Black History Month | Coppin State University

Black History Month

Coppin State University Black History Month 2021. The Black Family: Representation, Identity, and Diversity

The Black Family: Representation, Identity, and Diversity

The black family has been a topic of study in many disciplines—history, literature, the visual arts and film studies, sociology, anthropology, and social policy. Its representation, identity, and diversity have been reverenced, stereotyped, and vilified from the days of slavery to our own time. The black family knows no single location, since family reunions and genetic-ancestry searches testify to the spread of family members across states, nations, and continents. Not only are individual black families diasporic, but Africa and the diaspora itself have been long portrayed as the black family at large. While the role of the black family has been described by some as a microcosm of the entire race, its complexity as the “foundation” of African American life and history can be seen in numerous debates over how to represent its meaning and typicality from a historical perspective—as slave or free, as patriarchal or matriarchal/matrifocal, as single-headed or dual-headed household, as extended or nuclear, as fictive kin or blood lineage, as legal or common law, and as black or interracial, etc. Variation appears, as well, in discussions on the nature and impact of parenting, childhood, marriage, gender norms, sexuality, and incarceration. The family offers a rich tapestry of images for exploring the African American past and present.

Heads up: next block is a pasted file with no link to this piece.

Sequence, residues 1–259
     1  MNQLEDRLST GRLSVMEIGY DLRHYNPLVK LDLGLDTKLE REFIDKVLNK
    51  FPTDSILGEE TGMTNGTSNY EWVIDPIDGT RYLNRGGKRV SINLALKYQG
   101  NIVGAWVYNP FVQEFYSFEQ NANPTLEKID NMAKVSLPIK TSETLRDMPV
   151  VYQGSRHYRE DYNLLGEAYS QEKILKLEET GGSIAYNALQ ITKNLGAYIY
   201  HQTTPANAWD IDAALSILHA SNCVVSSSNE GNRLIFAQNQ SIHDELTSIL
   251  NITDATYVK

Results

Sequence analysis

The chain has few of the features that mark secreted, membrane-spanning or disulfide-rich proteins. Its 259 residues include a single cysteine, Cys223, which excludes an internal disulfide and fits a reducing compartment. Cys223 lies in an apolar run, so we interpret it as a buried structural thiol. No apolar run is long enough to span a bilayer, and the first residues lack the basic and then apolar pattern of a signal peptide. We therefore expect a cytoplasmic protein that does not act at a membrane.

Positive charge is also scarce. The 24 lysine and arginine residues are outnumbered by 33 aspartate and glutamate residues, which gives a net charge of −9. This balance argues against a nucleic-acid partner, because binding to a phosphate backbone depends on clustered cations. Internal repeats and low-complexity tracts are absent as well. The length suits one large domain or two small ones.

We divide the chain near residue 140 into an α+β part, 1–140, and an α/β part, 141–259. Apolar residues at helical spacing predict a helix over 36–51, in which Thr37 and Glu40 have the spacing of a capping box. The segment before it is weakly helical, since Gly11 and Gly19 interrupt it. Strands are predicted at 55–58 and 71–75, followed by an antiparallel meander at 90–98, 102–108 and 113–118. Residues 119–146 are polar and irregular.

- Association for the Study of African American Life and History

Calendar of Events

Activities are co-sponsored by the Academic Affairs Division and the Division of Enrollment Management and Student Affairs in conjunction with the African American History Month Committee.

1 Feb 2021
Kickoff Event

Celebrating the Black Family featuring Coppin's First Family

11:00 AM - 12:00 PM